The Company engages in leasing activity as both a lessee and a lessor. The majority of the Company's lease portfolio originated when the Company was actively involved in the development and financing of IHOP restaurants prior to the franchising of the restaurant to the franchisee. This activity included the Company's purchase or leasing of the site on which the restaurant was located and subsequently leasing/subleasing the site to the franchisee. With a few exceptions, the Company ended this practice in 2003 and the Company's current lease activity is predominantly comprised of renewals of existing lease arrangements and exercises of options on existing lease arrangements.
      
The Company currently leases from third parties the real property on which approximately 600 IHOP franchisee-operated restaurants and 1 Applebee's franchisee-operated restaurant are located; the Company (as lessor) subleases the property to the franchisees that operate those restaurants. The Company also leases property it owns to the franchisees that operate approximately 60 IHOP restaurants and 1 Applebee's restaurant. The Company leases from third parties the real property on which 69 Applebee's company-operated restaurants are located. The Company also leases office space for its principal corporate office in Glendale, California and restaurant support centers in Kansas City, Missouri and Raleigh, North Carolina. The Company does not have a significant amount of non-real estate leases.

The Company's existing leases/subleases related to IHOP restaurants generally provided for an initial term of 20 to 25 years, with most having one or more five-year renewal options. Leases related to Applebee's restaurants generally have an initial term of 10 to 20 years, with renewal terms of five to 20 years. Option periods were not included in determining liabilities and right-of-use assets related to operating leases. Approximately 160 of the Company's leases contain provisions requiring additional rent payments to the Company (as lessor) based on a percentage of restaurant sales. Approximately 250 of the Company's leases contain provisions requiring additional rent payments by the Company (as lessee) based on a percentage of restaurant sales.

The individual lease agreements do not provide information to determine the implicit interest rate in the agreements. The Company made significant judgments in determining the incremental borrowing rates that were used in calculating operating lease liabilities as of the adoption date. Due to the large number of leases, the Company applied a portfolio approach by grouping the leases based on the original lease term. The Company estimated the interest rate for each grouping primarily by reference to (i) yield rates on debt issuances by companies of a similar credit rating as the Company; (ii) U.S. Treasury rates as of the adoption date; and (iii) adjustments for differences in years to maturity.

 

14


Dine Brands Global, Inc. and Subsidiaries
Notes to Consolidated Financial Statements (Continued)

6. Lease Disclosures (Continued)

The Company's lease cost for the three months ended March 31, 2020 and 2019 was as follows:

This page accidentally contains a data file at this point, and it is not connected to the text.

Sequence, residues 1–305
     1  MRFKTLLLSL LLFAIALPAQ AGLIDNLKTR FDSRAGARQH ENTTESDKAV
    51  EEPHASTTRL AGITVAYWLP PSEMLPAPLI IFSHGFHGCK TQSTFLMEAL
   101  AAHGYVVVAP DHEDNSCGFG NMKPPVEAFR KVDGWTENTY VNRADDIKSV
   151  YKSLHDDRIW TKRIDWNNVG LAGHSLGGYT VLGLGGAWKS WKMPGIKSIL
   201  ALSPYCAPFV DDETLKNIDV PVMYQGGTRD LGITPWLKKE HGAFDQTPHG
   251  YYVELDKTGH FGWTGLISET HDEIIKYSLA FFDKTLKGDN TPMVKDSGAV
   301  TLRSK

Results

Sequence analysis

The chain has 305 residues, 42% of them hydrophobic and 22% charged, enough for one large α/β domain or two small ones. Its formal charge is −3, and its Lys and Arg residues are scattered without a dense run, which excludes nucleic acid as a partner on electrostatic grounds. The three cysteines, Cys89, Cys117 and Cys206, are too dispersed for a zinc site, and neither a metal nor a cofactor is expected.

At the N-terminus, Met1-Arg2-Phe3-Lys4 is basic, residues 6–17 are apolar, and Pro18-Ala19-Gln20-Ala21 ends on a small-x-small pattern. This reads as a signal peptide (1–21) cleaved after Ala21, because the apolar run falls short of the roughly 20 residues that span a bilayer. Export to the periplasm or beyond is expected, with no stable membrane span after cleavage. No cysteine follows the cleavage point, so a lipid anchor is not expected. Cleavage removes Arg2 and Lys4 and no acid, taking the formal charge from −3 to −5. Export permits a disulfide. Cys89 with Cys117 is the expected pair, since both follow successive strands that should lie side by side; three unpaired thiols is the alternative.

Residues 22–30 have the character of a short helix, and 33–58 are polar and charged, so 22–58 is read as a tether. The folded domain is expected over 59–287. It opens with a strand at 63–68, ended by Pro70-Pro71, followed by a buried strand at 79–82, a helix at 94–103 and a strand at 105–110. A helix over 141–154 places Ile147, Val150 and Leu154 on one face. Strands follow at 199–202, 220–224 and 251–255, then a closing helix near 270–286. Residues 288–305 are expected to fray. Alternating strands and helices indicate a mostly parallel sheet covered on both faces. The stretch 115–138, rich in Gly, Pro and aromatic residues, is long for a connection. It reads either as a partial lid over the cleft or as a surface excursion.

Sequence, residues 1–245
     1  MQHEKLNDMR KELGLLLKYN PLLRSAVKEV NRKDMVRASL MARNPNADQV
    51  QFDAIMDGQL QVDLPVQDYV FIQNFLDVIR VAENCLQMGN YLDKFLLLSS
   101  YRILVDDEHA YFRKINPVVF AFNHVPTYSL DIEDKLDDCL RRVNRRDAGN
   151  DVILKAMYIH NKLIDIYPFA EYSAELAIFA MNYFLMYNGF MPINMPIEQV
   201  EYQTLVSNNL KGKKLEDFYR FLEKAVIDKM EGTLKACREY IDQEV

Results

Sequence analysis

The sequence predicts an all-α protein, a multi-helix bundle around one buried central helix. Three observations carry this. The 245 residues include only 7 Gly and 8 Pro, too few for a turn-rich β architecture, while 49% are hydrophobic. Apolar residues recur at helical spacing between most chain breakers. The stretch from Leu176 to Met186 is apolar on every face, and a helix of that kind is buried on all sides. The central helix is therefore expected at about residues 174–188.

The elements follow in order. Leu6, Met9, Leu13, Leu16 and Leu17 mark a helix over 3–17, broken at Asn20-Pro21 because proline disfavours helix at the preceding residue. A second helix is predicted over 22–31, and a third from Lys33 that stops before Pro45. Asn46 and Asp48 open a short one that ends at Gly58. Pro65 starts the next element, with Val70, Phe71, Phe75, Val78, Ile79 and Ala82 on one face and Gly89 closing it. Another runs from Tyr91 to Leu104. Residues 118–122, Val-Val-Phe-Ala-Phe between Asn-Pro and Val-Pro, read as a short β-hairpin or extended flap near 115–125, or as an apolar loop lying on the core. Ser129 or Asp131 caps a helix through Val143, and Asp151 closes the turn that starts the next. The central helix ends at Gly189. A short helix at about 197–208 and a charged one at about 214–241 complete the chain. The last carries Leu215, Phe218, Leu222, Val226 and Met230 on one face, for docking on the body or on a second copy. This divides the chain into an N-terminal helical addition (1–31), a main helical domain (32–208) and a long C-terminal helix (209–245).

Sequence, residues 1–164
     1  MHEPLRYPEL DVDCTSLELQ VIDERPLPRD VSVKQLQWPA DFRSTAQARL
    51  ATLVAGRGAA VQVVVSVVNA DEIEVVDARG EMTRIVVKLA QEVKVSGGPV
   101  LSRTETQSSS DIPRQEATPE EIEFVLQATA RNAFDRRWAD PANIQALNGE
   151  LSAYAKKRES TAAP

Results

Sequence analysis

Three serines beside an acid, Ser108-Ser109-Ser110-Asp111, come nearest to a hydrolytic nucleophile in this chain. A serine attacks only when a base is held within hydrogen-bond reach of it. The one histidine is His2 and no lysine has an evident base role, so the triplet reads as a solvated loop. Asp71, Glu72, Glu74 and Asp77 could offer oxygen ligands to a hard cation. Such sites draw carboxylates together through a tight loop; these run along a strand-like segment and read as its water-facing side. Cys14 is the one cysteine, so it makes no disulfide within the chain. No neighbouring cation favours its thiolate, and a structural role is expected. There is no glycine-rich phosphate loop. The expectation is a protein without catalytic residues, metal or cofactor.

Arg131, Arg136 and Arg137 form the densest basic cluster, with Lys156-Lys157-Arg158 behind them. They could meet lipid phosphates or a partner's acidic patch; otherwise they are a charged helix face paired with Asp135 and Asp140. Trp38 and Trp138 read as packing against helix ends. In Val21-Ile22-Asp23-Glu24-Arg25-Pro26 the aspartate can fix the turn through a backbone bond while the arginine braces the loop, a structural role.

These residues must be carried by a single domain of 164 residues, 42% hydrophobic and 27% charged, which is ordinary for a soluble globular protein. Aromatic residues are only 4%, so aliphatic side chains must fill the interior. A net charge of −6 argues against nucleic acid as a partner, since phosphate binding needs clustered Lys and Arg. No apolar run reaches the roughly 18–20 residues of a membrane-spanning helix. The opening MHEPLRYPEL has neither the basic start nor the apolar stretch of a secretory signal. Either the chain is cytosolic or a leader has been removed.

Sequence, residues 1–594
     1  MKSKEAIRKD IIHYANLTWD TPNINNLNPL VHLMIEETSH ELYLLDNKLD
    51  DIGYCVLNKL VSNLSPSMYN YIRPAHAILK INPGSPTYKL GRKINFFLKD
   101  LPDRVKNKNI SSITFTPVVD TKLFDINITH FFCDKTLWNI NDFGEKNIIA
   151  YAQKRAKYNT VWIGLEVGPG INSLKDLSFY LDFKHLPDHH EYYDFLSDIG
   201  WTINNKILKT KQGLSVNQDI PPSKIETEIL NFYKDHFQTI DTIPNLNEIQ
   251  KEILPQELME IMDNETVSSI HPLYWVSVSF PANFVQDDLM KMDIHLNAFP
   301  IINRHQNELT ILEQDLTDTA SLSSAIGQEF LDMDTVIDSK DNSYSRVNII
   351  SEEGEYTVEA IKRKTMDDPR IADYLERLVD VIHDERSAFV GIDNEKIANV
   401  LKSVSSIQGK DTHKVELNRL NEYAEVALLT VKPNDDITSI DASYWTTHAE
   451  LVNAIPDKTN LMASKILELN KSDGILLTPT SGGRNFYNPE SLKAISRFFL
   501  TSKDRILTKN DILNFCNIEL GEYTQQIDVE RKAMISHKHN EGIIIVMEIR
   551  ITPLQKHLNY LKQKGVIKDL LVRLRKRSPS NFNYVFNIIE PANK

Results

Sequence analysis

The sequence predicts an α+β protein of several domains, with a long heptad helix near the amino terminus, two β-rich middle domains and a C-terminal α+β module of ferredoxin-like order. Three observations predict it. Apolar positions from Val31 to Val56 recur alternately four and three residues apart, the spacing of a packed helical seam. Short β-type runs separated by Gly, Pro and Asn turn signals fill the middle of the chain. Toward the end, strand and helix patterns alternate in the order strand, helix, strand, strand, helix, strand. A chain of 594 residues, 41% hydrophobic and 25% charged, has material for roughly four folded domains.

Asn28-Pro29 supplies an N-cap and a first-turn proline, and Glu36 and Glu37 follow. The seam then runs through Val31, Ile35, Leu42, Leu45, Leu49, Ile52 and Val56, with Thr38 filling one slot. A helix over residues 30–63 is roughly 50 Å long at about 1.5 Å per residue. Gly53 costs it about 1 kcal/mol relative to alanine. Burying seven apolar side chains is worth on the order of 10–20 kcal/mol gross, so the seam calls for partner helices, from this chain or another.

Three Months Ended
  March 31,
 2020 2019
 (In millions)
Finance lease cost:   
Amortization of right-of-use assets$1.3
 $1.3
Interest on lease liabilities1.7
 2.1
Operating lease cost26.5
 26.4
Variable lease cost0.4
 0.7
Short-term lease cost0.0
 0.0
Sublease income(26.6) (28.1)
Lease cost$3.3
 $2.4


Future minimum lease payments under noncancelable leases as lessee as of March 31, 2020 were as follows:
 
Finance
Leases
 
Operating
Leases
 (In millions)
2020 (remaining nine months)$15.1
 $75.5
202116.4
 83.4
202214.7
 75.9
202311.6
 63.0
20249.4
 57.6
Thereafter55.7
 177.6
Total minimum lease payments122.8
 532.9
Less: interest/imputed interest(35.6) (105.2)
Total obligations87.2
 427.7
Less: current portion(12.7) (72.5)
Long-term lease obligations$74.5
 $355.2


The weighted average remaining lease term as of March 31, 2020 was 8.6 years for finance leases and 7.6 years for operating leases. The weighted average discount rate as of March 31, 2020 was 10.4% for finance leases and 5.7% for operating leases.

During the three months ended March 31, 2020 and 2019, the Company made the following cash payments for leases:
 Three months ended March 31,
 2020 2019
 (In millions)
Principal payments on finance lease obligations$3.0
 $3.5
Interest payments on finance lease obligations$1.7
 $2.0
Payments on operating leases$23.4
 $22.9
Variable lease payments$0.1
 $0.9


The Company's income from operating leases for the three months ended March 31, 2020 and 2019 was as follows:
 Three months ended March 31,
 2020 2019
  (In millions)
Minimum lease payments$25.4
 $25.7
Variable lease income2.4
 3.2
Total operating lease income$27.8
 $28.9


15


Dine Brands Global, Inc. and Subsidiaries
Notes to Consolidated Financial Statements (Continued)

6. Lease Disclosures (Continued)

Minimum payments to be received as lessor under noncancelable operating leases as of March 31, 2020 were as follows:
 (In millions)
2020 (remaining nine months)$81.9
2021103.1
2022100.2
202395.9
202487.0
Thereafter216.8
Total minimum rents receivable$684.7


The Company's income from direct financing leases for the three months ended March 31, 2020 and 2019 was as follows:
 Three months ended March 31,
 2020 2019
  (In millions)
Interest income$1.0
 $1.4
Variable lease income0.2
 0.4
Total operating lease income$1.2
 $1.8


Minimum payments to be received as lessor under noncancelable direct financing leases as of March 31, 2020 were as follows:
 (In millions)
2020 (remaining nine months)$10.8
202111.5
20228.2
20233.6
20241.3
Thereafter2.4
Total minimum rents receivable37.9
Less: unearned income(6.7)
Total net investment in direct financing leases31.3